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Poetry From Duane Locke





About the Author (click here) Poems © 1999 Duane Locke, all rights reserved
 appear here by permission

Author Notes


           Listening to crows frees us from the false beliefs that society reveres and has imposed on us so we will be weaklings like all social beings. This poem is a celebration of communication with the earth and a recovery of strength and love that only a mystic union with the earth can give.

"Crow's and Human Voices"

           Anatole France once said something somewhat similar to this:

When my cat makes a gesture or speaks, she means the gesture and she speaks truth, while human being pretend and speak lies even when they ardently believe they speak the truth.
A mood of this type is behind the poem. I've always had an intense love of crows and spent many moments listening to their crows, and I feel listening to these crow sounds inspires me to build a language of truth from the language of lies spoken by people.


           I've often wondered if those who can speak the truth of their inward experiences are no more than isolated solipsists. Is it just an illusion that we are hearing and being heard by others. Ranier Maria Rilke once wrote in a poem when we hug another we really hug ourselves. Such insights imply the absolute isolation of the individual. Our isolation is Terrible and thus we produce fictions in our minds to avoid facing the reality of this isolation.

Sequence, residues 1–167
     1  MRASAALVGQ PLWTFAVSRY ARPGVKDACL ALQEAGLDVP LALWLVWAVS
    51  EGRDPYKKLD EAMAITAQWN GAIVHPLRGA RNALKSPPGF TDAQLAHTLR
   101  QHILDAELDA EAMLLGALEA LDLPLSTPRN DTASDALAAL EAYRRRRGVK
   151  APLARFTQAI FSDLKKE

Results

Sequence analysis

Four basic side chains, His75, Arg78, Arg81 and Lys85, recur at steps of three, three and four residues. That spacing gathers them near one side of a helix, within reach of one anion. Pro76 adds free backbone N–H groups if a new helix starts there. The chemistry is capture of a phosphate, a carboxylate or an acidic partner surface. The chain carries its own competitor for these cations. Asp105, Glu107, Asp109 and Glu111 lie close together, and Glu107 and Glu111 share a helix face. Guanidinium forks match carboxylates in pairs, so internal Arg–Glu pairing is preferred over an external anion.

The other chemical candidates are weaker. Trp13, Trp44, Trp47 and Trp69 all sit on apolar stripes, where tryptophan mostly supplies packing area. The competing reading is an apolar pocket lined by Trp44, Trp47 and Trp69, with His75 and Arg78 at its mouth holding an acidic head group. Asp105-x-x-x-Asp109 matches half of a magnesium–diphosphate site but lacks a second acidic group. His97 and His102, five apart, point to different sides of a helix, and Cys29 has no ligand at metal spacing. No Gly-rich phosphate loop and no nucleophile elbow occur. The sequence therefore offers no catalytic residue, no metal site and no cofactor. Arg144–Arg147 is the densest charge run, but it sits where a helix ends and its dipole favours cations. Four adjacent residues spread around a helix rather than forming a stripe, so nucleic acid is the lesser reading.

I was puzzled by the effectiveness of language as a vehicle of communication, and this poem grew out of such a mood.

           The poem was written after I had lunch with a girl much younger than I am. As I looked at her, I thought she does not understand me, nor do I understand her. We are two people close together at a table, yet there is an infinity of distance between us.

           As to the opening imagery, it was derived from a painting by Botticelli. In this painting angels fly disorderly above the manger and seem to collide.


           I have often noticed how people worship the false and the artificial and overlook, never see true magic, true miracles, such the clicking of a fiddler crab's claws, or the leap of a flea, or the motions of a spider's legs weaving a web. This poem was written after a conversation with my neighbor who ardently expressed an admiration of the things I disdained.

           She thought one of the greatest things in life was to ride in a limousine. She was such a fool she thought Rod McKruen a poet. This poem was antidote to the poison her words had put into my body.

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